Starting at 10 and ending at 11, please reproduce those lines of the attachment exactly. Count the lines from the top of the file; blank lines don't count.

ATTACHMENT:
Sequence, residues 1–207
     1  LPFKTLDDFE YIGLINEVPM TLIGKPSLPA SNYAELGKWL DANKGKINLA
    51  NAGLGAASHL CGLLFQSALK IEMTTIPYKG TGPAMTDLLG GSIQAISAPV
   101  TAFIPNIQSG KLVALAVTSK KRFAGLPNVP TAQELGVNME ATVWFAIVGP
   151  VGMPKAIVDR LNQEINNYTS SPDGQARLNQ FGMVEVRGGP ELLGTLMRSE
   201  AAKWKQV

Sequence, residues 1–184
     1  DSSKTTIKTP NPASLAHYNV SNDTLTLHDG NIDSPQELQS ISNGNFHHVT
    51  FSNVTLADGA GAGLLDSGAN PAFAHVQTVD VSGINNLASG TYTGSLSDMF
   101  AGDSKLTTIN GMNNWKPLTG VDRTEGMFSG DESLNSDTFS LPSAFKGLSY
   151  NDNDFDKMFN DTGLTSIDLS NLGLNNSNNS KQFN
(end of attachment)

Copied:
   101  AGDSKLTTIN GMNNWKPLTG VDRTEGMFSG DESLNSDTFS LPSAFKGLSY
   151  NDNDFDKMFN DTGLTSIDLS NLGLNNSNNS KQFN